Studying abroad can be one of the best experiences in your life, but finding everything you need, and learning how to communicate in the student world can be hard.
Today we’ll look at some useful vocabulary and expressions that you might find during your time learning and developing in an English-speaking country.
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You can read more about life at university in our blog about where to study abroad in the UK.
It’s confusing and exciting and fun, but not always easy to arrive to a new country, with another
language. Here’s a few basic expressions and words to help you settle in around your university or college.
This is a word that’s often used to describe the area the university is in.
In the UK, this area can be one big zone where it’s just university buildings, or the buildings can be more separated within a city.
“I’ll see you on campus” or “I’m leaving the campus now, catch you later”.
Many UK universities have a central area for student fun and social activity, as well as sports. The University of Birmingham has more than 500 groups! This building and administration team is known as the Guild of Students.
"I'll meet you at The Guild tonight at 8"
These groups are focused on one activity, whether it’s a sport, an art, a creative task, charity work, religious worship or anything else you can think of. There will often be a society for all tastes at the larger UK universities.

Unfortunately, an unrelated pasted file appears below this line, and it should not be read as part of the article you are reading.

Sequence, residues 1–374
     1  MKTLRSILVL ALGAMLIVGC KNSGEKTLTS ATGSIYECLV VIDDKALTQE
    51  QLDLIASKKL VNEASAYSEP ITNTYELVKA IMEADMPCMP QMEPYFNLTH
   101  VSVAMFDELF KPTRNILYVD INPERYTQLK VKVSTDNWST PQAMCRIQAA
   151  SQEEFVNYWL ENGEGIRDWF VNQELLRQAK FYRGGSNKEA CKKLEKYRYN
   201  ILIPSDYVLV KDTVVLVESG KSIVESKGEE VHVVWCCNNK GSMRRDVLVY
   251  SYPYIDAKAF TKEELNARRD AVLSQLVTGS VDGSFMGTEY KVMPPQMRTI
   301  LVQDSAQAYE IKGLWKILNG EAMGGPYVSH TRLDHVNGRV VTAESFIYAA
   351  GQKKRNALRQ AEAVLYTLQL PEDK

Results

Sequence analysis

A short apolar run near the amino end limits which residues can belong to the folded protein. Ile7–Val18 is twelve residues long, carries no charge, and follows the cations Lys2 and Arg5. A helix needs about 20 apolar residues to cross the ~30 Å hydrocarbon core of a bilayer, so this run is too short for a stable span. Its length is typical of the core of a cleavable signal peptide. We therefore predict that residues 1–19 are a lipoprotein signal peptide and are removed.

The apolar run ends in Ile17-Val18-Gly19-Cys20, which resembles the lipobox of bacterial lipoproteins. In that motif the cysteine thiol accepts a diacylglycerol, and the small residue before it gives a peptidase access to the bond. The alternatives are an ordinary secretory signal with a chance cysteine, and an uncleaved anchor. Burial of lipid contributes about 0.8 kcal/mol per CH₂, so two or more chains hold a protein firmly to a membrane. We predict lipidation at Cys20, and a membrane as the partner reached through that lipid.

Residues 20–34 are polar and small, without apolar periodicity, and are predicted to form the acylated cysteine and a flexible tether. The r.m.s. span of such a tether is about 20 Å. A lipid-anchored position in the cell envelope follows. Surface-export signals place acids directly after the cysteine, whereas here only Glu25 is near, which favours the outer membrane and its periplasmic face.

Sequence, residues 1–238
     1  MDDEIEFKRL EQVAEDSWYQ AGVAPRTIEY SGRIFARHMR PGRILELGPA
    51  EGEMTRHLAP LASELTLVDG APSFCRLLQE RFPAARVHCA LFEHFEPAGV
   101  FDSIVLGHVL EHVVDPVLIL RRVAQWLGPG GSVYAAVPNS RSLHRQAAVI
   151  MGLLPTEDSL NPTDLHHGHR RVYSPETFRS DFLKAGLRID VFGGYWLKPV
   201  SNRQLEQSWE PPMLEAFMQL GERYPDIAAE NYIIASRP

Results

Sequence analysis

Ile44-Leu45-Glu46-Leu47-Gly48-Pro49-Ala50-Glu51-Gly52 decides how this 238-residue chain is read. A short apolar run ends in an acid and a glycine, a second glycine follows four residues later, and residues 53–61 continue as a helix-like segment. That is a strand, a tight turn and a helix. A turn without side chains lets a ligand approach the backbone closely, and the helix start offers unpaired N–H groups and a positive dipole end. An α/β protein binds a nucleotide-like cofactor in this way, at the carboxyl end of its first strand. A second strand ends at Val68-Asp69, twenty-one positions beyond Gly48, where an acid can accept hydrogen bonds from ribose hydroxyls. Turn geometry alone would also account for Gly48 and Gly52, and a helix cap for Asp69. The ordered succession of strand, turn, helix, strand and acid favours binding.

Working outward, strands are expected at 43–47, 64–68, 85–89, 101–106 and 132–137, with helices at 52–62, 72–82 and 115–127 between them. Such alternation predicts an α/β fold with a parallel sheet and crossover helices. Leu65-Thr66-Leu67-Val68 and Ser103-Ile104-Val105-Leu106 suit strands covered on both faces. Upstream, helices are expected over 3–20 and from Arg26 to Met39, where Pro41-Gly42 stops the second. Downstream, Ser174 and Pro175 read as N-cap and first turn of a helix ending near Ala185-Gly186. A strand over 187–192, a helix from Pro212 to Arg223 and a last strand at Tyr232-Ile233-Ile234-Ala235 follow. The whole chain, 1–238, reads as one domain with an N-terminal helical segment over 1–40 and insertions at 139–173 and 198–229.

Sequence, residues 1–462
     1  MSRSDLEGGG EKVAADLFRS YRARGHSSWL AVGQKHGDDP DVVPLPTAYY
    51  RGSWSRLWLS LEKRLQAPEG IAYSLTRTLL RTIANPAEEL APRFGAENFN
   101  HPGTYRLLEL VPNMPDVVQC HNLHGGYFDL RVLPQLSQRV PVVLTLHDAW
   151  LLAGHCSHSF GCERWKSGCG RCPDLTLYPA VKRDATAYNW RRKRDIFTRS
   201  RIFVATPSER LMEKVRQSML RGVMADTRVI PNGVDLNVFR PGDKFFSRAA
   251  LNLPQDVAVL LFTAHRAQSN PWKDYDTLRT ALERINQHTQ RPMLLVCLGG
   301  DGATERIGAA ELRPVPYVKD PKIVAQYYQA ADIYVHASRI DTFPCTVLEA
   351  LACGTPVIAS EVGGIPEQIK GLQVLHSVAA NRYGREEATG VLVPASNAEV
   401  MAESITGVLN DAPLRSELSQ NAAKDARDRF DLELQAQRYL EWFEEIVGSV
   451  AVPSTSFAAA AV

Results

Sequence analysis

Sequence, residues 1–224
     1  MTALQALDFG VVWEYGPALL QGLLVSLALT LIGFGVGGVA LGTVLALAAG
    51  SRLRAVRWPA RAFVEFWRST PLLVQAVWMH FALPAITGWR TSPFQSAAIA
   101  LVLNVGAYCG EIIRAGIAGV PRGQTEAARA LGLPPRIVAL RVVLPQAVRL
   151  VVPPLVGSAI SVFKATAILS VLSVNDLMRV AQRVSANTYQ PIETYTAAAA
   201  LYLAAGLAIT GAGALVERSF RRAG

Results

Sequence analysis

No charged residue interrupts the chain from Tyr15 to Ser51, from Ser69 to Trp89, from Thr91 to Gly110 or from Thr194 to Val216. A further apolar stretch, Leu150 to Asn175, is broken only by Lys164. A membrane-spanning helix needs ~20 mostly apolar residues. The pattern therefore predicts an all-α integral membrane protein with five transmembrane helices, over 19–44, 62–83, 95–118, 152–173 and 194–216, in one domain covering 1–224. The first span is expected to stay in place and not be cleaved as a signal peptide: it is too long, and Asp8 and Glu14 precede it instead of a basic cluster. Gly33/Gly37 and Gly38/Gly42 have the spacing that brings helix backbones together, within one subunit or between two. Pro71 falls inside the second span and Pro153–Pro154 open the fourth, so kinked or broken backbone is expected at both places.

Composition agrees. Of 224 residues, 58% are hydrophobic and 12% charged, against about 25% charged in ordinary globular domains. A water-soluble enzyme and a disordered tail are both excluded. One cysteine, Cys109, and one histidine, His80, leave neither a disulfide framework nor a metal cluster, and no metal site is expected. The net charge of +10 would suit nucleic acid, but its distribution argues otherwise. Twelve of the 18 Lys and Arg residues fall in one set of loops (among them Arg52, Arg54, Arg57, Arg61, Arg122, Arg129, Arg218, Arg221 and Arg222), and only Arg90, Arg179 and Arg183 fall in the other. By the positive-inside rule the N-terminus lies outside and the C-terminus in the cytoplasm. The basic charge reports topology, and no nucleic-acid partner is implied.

It's a great chance to try something new, and meet different types of people.
In the Class
Your term at a UK university will normally be divided into individual ‘modules’, which is the class you are taking. You might have several modules every week, and these may change at the end of each term. The assessment of these modules will usually make up some of your final mark too.
Lots of modules are taught through lectures. This is a larger room, with a bigger group, and the professor or teacher will stand at the front and speak to the students.
They will sometimes ask questions and interact, but mostly present information for you to learn.
In different modules, you may have classes that are in smaller groups, and are much more interactive.
These more intimate and detailed classes are typically used to get students actively discussing the issues they are learning about.
The professor will ask questions, engage with replies and generally guide the group to interesting ideas.
Let us know if you’d like more tips about what it’s like to study abroad in the UK. Many of our students are getting ready to move abroad and speak English while they study. If you’d like more information, get in touch here.